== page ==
From this BBC News article:

Taylor became the first former head of state to be convicted of war crimes by an international court since the Nuremberg trials of Nazis after World War II.

What former head of state was convicted of war crimes at the Nuremberg trials, if any?

  • This looks like a factual error on behalf of BBC (see e.g. here for a list of accused, ordered by descending IQs). BTW, the heading of your question does not quite match its body (only the latter asks specifically about Nuremberg). – Drux Jan 22 '13 at 9:38
  • @gerrit - it could be merely an English hprasing problem... they were not necessarily implying that any heads of state WERE convicted at that time – DVK Jan 22 '13 at 15:25
  • @DVK ... then they could equally well have written "since the birth of Napoleon"... I think it does imply someone was convicted in Nuremberg. – gerrit Jan 22 '13 at 21:48
  • @gerrit - possible. English can be imprecise :( We should all switch to C – DVK Jan 22 '13 at 22:32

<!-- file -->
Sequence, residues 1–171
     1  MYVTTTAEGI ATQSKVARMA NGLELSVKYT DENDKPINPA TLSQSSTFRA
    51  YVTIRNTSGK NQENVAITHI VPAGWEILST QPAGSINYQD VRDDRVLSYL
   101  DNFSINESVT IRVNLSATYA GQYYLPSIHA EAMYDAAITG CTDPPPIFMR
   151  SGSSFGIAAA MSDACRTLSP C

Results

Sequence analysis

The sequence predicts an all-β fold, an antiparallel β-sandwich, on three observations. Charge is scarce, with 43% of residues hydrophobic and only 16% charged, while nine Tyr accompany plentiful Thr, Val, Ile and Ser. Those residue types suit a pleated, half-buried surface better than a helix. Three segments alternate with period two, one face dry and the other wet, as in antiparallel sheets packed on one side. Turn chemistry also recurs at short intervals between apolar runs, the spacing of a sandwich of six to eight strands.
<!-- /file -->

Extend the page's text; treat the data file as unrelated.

• @gerrit not really. It just means that they didn't look at data from before the Nuremberg trials. As to nobody being convicted at an international court, such things didn't technically exist until the Nuremberg trials (and those were more like military tribunals than civil courts). As to heads of state being "convicted" earlier, I'd guess the killing of Mayan and Aztec kings for heresy by the conquistadores in the 1500s would count, but of course there was no real court in session, just a priest and a general declaring sentence and calling in the executioner afterwards. – jwenting Jan 24 '13 at 9:53

Presumably, Donitz as head of the Flensburg Government.

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